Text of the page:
Sue Neales explores an interesting connection this morning in The Mercury. The pulp mill needs 280,000 tonnes of pine each year, which is remarkably close to the amount that FEA have secured from the people of Tasmania, via Rayonier. It's not quite that simple, as there is the question of the spare bits of tree that can't be sawn, and various ways we currently use this residue resource, but it's an interesting line to pursue. It was explored a little on Tasmanian Times some months ago.
Let's just try to follow the logic of this. This resource, sawmilled, directly employs 300 people in Scottsdale, and indirectly employs some other quite large number of people in the surrounding area, estimated by some as a total of up to 1000. The pulpmill, when built, is only going to employ 292 people. There will be some indirect jobs as well, we could even say 2000 (over 25 years!!), as the pulp mill taskforce does, but that’s probably as reliable as the 1000 for Scottsdale. You can argue about which bit of resource is used where, but at present the whole resource is used somehow, employing someone, except for those logs going overseas. Furthermore, surely some of the pulpmill jobs of course ought to be people previously employed producing and exporting woodchips, who move over into producing and exporting pulp. Now excuse me, but even if we don't take into account any intangibles, it seems that there's a high risk of the pulp mill being financially negative for Tasmania, even if positive for Gunns, if the jobs "created" are scavenging heavily from other existing industries. This story and pdf on Tasmanian Times looked at the issue a while ago. If we took account of lost opportunities, cost of water, road damage etc etc, potentially the only people winning would be Gunns’ shareholders.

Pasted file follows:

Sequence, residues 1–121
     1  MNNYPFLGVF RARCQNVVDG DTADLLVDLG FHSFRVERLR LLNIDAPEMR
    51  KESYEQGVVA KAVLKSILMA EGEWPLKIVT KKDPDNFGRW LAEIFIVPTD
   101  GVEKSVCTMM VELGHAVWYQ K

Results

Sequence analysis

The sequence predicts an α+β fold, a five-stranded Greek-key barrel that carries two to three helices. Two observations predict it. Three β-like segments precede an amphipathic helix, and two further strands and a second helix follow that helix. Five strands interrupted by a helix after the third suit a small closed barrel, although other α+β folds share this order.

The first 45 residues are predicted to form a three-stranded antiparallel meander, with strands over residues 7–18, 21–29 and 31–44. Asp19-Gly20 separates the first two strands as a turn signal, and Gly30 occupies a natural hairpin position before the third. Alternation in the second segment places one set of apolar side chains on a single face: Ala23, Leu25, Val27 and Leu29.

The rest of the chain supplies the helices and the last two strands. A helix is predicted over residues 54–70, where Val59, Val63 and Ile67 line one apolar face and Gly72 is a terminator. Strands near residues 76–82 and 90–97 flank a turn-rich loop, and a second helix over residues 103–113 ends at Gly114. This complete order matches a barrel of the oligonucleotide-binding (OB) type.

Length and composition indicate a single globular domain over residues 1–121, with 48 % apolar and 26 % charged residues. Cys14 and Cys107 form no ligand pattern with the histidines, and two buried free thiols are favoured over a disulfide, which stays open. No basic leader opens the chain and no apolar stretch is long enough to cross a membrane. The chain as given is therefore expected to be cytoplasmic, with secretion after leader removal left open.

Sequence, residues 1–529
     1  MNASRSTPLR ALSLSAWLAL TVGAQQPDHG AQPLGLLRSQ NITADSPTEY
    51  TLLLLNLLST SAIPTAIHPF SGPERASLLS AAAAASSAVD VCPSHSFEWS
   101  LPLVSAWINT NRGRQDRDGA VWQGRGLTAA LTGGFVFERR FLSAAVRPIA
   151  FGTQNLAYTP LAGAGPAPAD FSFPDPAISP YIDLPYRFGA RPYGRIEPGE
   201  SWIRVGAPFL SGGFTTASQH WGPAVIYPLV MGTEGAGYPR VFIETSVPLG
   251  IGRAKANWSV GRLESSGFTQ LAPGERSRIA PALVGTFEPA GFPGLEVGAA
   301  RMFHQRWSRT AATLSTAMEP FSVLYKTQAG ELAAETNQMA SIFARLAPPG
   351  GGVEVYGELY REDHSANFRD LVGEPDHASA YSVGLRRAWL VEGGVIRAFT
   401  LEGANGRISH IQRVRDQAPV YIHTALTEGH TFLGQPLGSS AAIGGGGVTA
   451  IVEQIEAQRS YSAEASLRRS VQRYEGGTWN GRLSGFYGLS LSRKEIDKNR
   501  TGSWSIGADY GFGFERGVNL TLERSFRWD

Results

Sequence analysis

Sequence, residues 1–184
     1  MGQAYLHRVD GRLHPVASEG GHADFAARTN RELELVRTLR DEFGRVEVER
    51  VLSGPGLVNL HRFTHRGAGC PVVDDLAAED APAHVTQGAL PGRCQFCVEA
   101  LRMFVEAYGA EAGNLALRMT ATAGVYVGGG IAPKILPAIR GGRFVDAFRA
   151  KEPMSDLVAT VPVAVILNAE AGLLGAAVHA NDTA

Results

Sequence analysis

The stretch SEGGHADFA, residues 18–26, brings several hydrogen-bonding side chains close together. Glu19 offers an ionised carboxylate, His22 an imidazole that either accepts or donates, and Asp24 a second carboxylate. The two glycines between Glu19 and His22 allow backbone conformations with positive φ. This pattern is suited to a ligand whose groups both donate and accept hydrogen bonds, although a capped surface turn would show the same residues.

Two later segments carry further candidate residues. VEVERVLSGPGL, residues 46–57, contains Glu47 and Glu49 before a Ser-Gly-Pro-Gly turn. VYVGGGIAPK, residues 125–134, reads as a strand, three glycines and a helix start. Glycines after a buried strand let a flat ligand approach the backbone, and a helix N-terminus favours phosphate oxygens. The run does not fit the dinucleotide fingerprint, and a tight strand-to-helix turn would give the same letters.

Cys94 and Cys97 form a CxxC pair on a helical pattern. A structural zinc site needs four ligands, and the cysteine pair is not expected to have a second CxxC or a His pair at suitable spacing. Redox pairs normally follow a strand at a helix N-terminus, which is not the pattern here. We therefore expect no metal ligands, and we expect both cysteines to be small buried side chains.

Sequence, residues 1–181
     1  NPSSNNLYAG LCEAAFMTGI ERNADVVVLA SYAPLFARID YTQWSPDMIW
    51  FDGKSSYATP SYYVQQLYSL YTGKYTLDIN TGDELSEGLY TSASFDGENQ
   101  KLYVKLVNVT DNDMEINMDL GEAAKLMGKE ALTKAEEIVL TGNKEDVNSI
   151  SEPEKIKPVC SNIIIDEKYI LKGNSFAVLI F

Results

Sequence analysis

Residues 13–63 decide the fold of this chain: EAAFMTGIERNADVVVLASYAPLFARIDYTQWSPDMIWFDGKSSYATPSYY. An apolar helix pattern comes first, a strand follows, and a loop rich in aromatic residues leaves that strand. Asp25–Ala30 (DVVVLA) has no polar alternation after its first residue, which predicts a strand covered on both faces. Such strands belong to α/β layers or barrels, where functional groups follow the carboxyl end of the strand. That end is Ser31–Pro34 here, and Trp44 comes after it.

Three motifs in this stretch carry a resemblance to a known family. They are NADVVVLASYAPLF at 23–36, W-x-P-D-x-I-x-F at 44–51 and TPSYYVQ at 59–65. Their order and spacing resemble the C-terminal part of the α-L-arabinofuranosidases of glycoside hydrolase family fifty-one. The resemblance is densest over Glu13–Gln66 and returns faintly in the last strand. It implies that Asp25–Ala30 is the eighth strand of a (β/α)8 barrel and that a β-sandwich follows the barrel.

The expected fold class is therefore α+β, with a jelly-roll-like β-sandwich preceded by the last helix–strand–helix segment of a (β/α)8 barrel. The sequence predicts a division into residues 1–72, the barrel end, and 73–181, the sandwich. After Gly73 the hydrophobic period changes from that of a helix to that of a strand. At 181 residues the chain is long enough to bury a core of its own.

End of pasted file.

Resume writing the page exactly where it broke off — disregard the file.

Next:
Given that FEA have no sawmill yet, and a mill is "at least 14 months away", you'd have to say there could be some legs to this speculation. If FEA are indeed acting as a "warehouse" for the softwood required by Gunns' pulpmill, then we see the quite frightening connection of all the dots across all these individually disturbing stories. Now, what are the connections between Gunns and FEA?? Can the fearless reporters from the Examiner shed any light, can they glean any gems of evidence from the Launceston cocktail circuit? Or maybe if I get on the Net and do some more searching, it will all become clear?? Will Gunns now buy up FEA? Do they already have an agreement to get FEA's residue? What threats about the likelihood of Gunns dealing with Auspine in future could have been made? I do know that the FEA CEO used to work for Gunns, but then almost everyone in timber in Tasmania must have at some stage.
This missive from Richard Flanagan is worth another read. And this story in the Mercury just further confirms the impression of ongoing mismanagement in Tasmania's forests. What a waste this is, see photo.